Given the serious consequences of fronting practices, it is vital that businesses carefully review their existing and future B‑BBEE initiatives including B‑BBEE ownership structures to ensure compliance with the B-BBEE Act.
In the recent High Court case involving the Passenger Rail Agency of South Africa (PRASA) and Swifambo Rail Agency Proprietary Limited, Judge Francis set out certain useful guidelines on the “fronting practice” definition in the Broad Based Black Economic Empowerment Act (B-BBEE Act) namely “a transaction, arrangement or other act or conduct that directly or indirectly undermines or frustrates the achievement of the objectives of this Act or the implementation of any of the provisions of this Act including but not limited to practices in connection with a B‑BBEE initiative –
- in terms of which black persons who are appointed to an enterprise are discouraged or inhibited from substantially participating in the core activities of that enterprise;
- in terms of which the economic benefits received as a result of the broad-based black economic empowerment status of an enterprise do not flow to black people in the ratio specified in the relevant legal documentation;
- involving the conclusion of a legal relationship with a black person for the purpose of that enterprise achieving a certain level of broad‑based black economic empowerment compliance without granting that black person the economic benefits that would reasonably be expected to be associated with the status or position held by that black person; or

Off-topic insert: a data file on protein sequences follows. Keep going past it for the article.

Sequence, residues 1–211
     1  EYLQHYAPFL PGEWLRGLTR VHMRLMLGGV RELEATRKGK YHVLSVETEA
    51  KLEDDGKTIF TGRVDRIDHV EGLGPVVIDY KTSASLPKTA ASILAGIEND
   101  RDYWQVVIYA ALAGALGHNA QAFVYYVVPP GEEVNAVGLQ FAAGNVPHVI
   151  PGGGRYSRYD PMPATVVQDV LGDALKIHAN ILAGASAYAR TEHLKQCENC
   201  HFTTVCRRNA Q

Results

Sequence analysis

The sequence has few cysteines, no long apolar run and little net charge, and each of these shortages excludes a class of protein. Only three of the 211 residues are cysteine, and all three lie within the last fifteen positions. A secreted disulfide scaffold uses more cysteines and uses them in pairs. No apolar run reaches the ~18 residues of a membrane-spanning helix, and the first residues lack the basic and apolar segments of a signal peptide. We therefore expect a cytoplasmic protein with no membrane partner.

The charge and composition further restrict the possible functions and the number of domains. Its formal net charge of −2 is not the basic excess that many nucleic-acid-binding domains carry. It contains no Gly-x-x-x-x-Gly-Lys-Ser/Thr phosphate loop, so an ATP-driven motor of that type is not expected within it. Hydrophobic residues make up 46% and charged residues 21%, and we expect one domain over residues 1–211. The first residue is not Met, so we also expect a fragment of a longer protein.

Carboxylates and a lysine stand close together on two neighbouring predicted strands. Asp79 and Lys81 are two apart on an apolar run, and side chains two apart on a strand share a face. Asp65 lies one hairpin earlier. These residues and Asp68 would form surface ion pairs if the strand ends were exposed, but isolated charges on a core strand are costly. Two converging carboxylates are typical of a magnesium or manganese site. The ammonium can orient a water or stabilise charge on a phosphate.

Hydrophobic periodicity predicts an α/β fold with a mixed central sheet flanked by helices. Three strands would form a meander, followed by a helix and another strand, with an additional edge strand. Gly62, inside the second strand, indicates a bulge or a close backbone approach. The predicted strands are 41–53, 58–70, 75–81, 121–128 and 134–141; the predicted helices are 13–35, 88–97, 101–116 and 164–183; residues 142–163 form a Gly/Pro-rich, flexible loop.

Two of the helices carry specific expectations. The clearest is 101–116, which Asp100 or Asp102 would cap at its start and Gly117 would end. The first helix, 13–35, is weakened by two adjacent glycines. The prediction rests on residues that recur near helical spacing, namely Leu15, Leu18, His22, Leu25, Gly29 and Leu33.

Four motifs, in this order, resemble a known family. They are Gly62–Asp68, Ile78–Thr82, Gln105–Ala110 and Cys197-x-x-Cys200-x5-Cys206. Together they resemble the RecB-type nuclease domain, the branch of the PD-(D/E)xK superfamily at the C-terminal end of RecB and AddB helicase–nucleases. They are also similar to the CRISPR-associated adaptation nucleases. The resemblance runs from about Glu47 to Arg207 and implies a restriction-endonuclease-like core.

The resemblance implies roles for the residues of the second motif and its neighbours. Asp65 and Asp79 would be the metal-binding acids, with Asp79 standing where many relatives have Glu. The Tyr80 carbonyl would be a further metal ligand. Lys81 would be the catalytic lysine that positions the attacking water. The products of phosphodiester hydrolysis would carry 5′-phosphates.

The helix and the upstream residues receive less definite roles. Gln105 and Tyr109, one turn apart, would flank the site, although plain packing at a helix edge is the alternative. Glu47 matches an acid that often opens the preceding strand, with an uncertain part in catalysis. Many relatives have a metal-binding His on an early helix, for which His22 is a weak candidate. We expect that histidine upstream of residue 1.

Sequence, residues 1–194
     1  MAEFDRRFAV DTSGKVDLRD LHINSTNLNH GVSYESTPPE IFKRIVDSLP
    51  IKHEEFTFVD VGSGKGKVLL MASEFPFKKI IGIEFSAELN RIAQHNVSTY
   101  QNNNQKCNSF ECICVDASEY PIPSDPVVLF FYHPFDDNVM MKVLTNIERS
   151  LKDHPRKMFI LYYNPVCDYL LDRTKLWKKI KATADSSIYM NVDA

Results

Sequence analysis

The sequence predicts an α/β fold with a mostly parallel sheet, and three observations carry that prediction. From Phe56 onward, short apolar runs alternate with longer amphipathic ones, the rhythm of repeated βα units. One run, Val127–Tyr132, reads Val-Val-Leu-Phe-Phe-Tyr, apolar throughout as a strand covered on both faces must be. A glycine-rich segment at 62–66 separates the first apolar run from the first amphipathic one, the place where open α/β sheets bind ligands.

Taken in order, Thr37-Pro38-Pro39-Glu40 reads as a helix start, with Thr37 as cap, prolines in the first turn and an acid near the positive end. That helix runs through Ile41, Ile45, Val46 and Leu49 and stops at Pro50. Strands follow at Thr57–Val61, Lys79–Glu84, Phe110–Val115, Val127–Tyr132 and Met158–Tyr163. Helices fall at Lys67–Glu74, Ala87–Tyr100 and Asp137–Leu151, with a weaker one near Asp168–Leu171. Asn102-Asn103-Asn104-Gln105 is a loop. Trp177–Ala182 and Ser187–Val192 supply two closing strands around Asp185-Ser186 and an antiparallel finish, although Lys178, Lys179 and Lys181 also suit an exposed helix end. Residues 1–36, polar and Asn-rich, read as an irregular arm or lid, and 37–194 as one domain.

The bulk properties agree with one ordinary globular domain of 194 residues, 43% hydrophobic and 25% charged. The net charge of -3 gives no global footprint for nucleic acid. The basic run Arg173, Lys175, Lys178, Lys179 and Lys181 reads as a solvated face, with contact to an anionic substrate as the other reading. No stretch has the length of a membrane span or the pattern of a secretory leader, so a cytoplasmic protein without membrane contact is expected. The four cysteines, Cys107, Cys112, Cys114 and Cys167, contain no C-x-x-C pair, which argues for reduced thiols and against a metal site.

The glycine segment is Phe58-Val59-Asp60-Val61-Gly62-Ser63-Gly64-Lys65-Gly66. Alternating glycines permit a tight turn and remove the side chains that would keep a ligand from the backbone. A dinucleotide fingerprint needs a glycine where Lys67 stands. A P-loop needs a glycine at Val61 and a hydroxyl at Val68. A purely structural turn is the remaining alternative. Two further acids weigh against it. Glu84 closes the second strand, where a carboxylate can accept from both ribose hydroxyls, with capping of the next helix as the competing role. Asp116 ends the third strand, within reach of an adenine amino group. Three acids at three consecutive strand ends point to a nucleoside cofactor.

- involving the conclusion of an agreement with another enterprise in order to achieve or enhance broad‑based black economic empowerment status in circumstances in which there are significant limitations, whether implicit or explicit, on the identity of suppliers, service providers, clients or customers or the maintenance of business operations is reasonably considered to be improbable having regard to the resources available or the terms and conditions were not negotiated at arm’s length and on a fair and reasonable basis”.
The above wording is very wide and may have the unintentional effect of including bona fide B‑BBEE initiatives in the definition. The criminalisation of fronting practices in terms of the B‑BBEE Act adds to the seriousness of this issue for both existing and future B‑BBEE initiatives. In terms of the B‑BBEE Act a firm may be fined up to 10% of its annual turnover and individuals may be subject to a fine and/or imprisonment for up to ten years. In addition, the individual or firm may not contract any business with any organ of State or public entity for a period of ten years and will be entered into the register of tender defaulters maintained by the National Treasury.
The PRASA/ Swifambo case related to the award of a tender to Swifambo by PRASA for the supply of locomotives to PRASA. The locomotives would be sourced by Swifambo from Vossloh, a company based in Spain. The Court decided to review and set aside PRASA’s decision to award the contract to Swifambo;
The Court found that the arrangement between Swifambo and Vossloh constituted to a fronting practice on the basis that –